Kim Gordon 'girl in a band'
I wrote in my last 'bloggers book club' post about how I was loving my Kindle, and taking nothing away from that, I am currently reading it daily on my lunch break at work and I find it so much easier to tote about than a weighty tome. Mind you, when I saw this book on the kitchen table the other day, my interest was piqued; Kim Gordon, the thinking woman's role model and liver of total rock star life, has written a memoir so of course I wanted to read it. Unfortch, Adrian had bought it for himself to have a squizz at first, but a quick tweet to KG (@kimletgordon) suggesting I pinch it off him to read first got the thumbs up (she retweeted me!) and so Adrian had to back down and let me read it!
Now, I have to preface this review by saying that I knew very little of Kim before I'd read this book about her. Growing up, I suppose I came of age in between decades of that stronger wave of feminism, because the only role models I had in terms of music were, I guess, the Spice Girls. Which were prepackaged to appeal to the mass market, by men. They weren't even the real coiners of the phrase 'Girl Power' as I soon found out in Kim's book. As the sole woman in the band Sonic Youth, I didn't really understand or relate to the music particularly well; I think this has become more obvious as I've grown up but the music that I feel defined my youth was more of the pop/punk variety (Spice Girls excluded). My formative years were a haze of Greenday, Nirvana, The Offspring, even Millencolin in the mix there, sitting uncomfortably next to my other favourites (Neil Young, Bob Dylan, The Beach Boys, Johnny Cash) later on in the 6-CD changer of my Mondeo Estate. Interestingly, all these musicians/bands were male; after the early teen Spice hype had died away I really can't remember getting that excited about female bands or vocalists; Kenickie were pretty cool and I liked Alisha's Attic, but even they seemed more filler than anything else. All that remained was a bit weak; nothing I felt I could relate to or felt impassioned by.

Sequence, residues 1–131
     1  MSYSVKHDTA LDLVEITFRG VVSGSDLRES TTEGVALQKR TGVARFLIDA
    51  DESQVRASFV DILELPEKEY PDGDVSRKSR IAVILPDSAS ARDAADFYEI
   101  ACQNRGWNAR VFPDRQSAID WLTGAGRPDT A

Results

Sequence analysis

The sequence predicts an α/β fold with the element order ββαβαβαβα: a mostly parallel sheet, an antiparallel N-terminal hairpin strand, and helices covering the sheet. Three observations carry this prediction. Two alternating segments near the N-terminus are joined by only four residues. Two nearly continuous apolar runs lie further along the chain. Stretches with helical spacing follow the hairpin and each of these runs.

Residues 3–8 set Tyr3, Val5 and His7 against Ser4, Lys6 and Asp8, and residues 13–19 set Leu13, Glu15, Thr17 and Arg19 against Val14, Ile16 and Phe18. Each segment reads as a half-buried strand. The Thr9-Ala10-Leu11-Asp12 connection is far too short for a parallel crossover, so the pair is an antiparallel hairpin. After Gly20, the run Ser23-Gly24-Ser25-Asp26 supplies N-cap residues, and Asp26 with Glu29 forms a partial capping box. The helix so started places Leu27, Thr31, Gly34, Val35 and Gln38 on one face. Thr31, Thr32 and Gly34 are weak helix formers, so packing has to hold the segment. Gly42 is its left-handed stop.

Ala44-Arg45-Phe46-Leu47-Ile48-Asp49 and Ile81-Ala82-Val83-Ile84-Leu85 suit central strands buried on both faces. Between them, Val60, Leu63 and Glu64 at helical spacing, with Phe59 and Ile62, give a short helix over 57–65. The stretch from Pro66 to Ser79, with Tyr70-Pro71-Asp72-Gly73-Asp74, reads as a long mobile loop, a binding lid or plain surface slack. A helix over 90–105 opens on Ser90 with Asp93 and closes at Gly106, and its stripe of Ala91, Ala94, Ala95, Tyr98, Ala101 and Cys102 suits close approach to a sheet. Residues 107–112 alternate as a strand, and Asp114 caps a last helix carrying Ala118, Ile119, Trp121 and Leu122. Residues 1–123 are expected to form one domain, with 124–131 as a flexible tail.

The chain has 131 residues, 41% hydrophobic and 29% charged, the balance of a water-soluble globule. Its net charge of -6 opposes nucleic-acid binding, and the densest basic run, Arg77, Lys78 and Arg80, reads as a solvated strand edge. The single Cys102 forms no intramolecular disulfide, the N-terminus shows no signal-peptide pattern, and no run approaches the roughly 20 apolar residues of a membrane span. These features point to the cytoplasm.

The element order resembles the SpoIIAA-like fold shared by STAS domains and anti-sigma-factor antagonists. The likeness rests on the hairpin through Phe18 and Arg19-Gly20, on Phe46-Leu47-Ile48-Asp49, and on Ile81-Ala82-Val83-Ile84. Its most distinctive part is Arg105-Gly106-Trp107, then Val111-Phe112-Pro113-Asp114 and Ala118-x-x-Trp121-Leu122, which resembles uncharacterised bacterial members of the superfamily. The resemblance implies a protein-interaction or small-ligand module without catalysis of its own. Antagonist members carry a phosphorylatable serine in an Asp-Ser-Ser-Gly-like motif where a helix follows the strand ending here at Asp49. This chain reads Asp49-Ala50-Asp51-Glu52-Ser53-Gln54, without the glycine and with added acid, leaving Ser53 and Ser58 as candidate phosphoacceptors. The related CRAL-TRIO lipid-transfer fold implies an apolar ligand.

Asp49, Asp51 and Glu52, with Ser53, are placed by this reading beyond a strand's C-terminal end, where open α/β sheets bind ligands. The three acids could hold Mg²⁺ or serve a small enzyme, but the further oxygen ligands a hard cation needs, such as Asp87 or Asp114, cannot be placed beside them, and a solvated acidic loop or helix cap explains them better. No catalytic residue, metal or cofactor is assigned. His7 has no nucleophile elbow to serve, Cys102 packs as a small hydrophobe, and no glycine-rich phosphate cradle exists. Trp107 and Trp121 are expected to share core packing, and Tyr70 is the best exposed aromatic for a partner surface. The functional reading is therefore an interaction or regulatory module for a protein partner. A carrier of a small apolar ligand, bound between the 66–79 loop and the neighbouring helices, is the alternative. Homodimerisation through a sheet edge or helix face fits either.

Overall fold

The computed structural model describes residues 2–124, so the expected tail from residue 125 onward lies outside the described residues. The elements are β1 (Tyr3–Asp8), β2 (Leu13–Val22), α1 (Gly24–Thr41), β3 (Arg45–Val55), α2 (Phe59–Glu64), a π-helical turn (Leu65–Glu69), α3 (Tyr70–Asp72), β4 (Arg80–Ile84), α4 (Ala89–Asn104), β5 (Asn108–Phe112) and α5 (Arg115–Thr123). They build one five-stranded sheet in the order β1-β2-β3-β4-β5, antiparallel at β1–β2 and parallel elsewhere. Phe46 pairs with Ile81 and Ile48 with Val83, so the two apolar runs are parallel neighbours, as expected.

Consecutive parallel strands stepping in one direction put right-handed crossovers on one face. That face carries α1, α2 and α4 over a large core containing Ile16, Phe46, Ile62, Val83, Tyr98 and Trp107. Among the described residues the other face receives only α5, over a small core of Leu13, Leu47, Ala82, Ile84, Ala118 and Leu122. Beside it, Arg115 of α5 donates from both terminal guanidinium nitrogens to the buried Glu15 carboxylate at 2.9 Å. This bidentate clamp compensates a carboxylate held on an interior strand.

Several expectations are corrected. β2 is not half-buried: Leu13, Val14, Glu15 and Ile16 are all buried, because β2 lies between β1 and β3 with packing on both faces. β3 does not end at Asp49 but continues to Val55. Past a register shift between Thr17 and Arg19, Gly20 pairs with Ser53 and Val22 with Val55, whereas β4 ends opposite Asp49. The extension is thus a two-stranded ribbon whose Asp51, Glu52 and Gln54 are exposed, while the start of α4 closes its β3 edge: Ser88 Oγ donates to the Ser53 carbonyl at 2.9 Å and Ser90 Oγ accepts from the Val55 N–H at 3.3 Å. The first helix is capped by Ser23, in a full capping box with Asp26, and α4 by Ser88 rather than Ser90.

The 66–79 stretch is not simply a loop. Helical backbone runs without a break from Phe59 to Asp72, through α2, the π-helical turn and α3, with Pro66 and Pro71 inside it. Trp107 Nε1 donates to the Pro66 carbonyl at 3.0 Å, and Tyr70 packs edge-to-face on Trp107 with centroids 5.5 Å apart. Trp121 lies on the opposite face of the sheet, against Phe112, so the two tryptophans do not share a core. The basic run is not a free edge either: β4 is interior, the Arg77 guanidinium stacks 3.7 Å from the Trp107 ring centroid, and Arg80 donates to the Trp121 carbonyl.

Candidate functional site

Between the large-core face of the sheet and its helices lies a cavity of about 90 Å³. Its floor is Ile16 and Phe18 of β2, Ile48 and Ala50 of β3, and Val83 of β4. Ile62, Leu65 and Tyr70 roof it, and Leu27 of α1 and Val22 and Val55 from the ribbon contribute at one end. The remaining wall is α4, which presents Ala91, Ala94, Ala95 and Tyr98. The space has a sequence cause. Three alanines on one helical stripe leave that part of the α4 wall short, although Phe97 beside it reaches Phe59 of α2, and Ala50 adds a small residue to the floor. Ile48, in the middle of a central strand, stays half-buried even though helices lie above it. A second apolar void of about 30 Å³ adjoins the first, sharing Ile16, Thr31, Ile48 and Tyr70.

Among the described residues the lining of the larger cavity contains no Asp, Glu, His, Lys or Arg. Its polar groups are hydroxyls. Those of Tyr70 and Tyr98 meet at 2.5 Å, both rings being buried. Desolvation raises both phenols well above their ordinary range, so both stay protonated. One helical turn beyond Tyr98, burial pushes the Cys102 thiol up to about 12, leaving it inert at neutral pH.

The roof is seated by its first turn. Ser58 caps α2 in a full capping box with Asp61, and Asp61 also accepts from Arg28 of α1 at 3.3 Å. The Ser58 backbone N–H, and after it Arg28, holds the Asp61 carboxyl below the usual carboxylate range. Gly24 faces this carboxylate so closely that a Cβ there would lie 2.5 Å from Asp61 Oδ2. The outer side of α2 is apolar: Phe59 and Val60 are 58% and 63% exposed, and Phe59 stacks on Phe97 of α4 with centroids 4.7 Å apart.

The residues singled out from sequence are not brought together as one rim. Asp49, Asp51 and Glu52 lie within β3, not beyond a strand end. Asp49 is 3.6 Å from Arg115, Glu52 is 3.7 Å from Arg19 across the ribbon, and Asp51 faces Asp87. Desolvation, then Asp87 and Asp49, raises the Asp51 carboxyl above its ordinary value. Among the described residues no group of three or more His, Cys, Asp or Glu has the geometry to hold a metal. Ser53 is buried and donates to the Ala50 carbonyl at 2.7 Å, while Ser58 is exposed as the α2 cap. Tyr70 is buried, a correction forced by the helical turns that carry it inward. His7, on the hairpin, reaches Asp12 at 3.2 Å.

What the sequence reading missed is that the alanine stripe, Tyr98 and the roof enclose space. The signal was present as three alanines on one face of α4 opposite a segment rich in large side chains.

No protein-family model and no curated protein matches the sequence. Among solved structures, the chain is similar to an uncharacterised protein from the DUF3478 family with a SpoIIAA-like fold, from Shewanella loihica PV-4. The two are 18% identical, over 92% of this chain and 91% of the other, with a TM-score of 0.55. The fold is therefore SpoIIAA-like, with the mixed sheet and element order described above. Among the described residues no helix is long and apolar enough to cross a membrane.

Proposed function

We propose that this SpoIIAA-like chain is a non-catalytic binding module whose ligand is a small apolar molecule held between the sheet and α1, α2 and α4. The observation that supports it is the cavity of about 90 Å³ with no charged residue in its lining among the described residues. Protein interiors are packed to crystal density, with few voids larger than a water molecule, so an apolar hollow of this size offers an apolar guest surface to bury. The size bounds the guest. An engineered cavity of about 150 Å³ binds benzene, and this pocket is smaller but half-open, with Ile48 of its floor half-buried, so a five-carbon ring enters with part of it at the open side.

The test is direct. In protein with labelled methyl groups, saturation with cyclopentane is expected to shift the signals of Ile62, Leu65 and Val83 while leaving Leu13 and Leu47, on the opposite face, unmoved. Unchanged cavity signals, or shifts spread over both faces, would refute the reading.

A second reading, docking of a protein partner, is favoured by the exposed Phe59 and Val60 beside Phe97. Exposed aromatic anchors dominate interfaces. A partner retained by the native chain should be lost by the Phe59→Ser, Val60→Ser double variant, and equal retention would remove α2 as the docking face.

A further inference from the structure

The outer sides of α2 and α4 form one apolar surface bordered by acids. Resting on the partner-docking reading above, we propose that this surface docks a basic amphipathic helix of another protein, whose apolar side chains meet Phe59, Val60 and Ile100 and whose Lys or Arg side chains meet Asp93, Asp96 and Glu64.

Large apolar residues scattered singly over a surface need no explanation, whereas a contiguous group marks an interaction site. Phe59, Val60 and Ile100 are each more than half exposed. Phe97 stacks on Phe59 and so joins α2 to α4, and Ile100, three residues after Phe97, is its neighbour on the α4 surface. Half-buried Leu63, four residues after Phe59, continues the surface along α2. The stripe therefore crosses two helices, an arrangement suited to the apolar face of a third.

Anyway, my potted musical history aside, I did feel that this book would give me more insight into women in music and also, women I may have potentially missed. Kim writes thoughtfully and lucidly, managing to manoeuvre her way around the quite clearly cataclysmic end of her marriage with complete dignity whilst omitting very few of the details, this is a personal and sometimes very difficult account of something that many women deal with, fewer, as she, in the very public eye. The book dips in and out of her interesting and eventful life, charting successes and failures with wit and empathy. She is likeable without trying to be. She has never tried to market herself as a sexy woman, part of her allure, to me, in Sonic Youth was that she maintained herself as first a musician, irrelevantly of her gender, which is something that men would do without thinking about it, but there is no overtness with Kim. These subtle differences set her apart from many of her peers and actually elevate her into that realm of subversive sexuality; and even more than this, she is attainable and she is a woman I would want to emulate. I respect her. I see her for who she is, as an artist honing a craft in a very male dominated genre, and I thank her for the resonance and the realness she brings to it.
Peppered with interesting anecdotes and wonderfully insightful (and often personal) photographs, this book is a delight and I read it over about three days (so Adrian didn't have to wait long to get it back!) but I could have easily read it in a sitting had I had sufficient time to do so. (As it was I stayed up into the small hours one night!) In today's world which too frequently sees the idea of 'Feminism' lost amongst mixed up ideals, it's a refreshing and grounding volume that every woman (and man!) should read. Kim doesn't promote herself as anyones inspiration or feminist touchstone, but I've certainly found her to be mine.